3. Seven Criteria of Textuality

3.1 Cohesion

De Beaugrande and Dressler describe cohesion as “all functions which can be used to indicate relations between surface elements within a text”.14 In other words, this criterion describes how text components relate to each other through grammatical forms. Halliday and Hasan describe the relation between text elements as follows: “Cohesive relations are relations between two or more elements in a text that are independent of the structure; for example, between a personal pronoun and an antecedent proper name, such as John…he.”15 The following passage from King’s speech provides further clarification: “When the architects of our republic wrote the magnificent words of the Constitution and the Declaration of Independence, they were signing a promissory note to which every American was to fall heir.” At the beginning of the sentence, he speaks about “the architects of our public”. In the second part, he uses the personal pronoun “they” to refer to these “architects”. Thus, these two parts are logically connected without re-using the word “architect”. Cohesion can be formed in different ways.16 Schwarz-Friesel and Consten identify recurrence and junctions as types of cohesion.17 Recurrence involves a main theme in a text being repeated, even though different words may serve as substitutes, a phenomenon called partial recurrence.18 An illustration can be given from King’s speech. He starts with the words “Constitution” and “the Declaration of independence”. As the speech progresses, he uses different words to describe those documents, such as “promissory note”, “sacred obligation” and “promises of democracy”. Another type of cohesion is conjunctions. These are words such as “and”, “but” and “however”.19 They link either parts of sentences or whole sentences.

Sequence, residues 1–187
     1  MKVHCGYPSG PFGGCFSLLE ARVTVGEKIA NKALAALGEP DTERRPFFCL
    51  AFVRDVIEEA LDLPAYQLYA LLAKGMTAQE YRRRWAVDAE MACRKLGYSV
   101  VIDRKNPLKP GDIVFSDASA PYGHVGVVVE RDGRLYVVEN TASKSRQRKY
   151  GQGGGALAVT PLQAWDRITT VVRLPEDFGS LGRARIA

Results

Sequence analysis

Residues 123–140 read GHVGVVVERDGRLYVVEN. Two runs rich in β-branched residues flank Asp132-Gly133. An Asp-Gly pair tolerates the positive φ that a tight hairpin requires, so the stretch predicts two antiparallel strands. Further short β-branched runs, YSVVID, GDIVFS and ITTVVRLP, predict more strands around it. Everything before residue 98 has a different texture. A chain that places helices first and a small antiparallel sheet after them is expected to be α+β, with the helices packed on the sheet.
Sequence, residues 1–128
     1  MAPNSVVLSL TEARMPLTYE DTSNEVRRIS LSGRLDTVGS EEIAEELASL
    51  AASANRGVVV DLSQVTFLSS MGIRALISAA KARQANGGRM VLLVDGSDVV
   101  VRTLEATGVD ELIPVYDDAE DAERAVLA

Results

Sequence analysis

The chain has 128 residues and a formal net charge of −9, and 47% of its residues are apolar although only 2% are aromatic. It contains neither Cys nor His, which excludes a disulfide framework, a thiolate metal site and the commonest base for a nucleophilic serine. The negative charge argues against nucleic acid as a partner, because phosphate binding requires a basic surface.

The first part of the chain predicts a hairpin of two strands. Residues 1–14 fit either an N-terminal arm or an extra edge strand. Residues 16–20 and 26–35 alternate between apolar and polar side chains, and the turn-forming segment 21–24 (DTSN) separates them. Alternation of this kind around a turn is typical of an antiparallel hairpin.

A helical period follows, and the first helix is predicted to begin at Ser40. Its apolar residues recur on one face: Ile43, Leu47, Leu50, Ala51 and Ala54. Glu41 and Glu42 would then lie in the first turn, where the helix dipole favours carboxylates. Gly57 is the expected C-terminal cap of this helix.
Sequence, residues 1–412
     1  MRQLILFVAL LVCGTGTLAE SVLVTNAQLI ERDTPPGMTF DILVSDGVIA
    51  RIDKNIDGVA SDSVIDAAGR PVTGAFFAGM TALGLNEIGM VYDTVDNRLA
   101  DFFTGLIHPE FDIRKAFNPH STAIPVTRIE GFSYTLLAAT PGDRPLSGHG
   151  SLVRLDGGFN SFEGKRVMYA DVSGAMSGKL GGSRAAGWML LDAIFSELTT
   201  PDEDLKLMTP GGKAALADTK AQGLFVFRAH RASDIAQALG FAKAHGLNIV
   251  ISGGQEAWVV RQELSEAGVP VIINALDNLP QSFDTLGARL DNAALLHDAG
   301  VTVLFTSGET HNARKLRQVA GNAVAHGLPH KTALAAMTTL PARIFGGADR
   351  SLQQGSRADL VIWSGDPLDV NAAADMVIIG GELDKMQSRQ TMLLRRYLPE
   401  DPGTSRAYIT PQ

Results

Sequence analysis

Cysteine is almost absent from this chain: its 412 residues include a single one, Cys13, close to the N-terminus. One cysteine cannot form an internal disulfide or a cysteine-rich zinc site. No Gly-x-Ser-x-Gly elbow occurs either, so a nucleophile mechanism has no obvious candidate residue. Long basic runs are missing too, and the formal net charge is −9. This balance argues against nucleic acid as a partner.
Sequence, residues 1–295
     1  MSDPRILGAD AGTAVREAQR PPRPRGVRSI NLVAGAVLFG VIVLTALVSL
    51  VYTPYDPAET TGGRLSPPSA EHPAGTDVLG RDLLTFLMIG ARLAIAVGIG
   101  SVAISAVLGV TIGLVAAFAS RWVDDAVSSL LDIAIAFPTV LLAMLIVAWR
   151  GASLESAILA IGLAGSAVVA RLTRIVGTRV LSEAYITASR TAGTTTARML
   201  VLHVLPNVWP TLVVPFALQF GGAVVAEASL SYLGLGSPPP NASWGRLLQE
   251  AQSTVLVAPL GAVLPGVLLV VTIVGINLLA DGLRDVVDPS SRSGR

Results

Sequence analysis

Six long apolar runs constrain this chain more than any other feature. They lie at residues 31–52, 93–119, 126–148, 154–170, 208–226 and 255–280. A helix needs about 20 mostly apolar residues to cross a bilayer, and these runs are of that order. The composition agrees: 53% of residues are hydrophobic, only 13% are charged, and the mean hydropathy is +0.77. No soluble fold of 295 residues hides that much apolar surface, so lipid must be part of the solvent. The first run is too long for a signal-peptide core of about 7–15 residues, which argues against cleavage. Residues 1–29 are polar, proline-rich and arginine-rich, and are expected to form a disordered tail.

Thus, cohesion can be understood as the structure of grammatical elements which connect the subsequent sentences logically, thus enabling the recipient to develop a sense of coherence (meaning) and an impression of the text as a unified whole.20

3.2 Coherence

In contrast to cohesion, which refers to the grammatical level, coherence refers to the context of meaning. According to Dressler, semantic coherence distinguishes texts from non-texts, such as dictionaries or collections of citations.21 Admittedly, those types of writing do have meaning, but every citation or entry in a dictionary stands by itself. A deeper meaning or a constant flow of interwoven information is missing. Coherence is what happens when the recipient reads the text. The recipient can find a causal connection between what is written and their existing knowledge. For example, in his speech King describes the injustices that people of colour still experienced at the time, namely segregation, poverty and a ban on voting in several US states: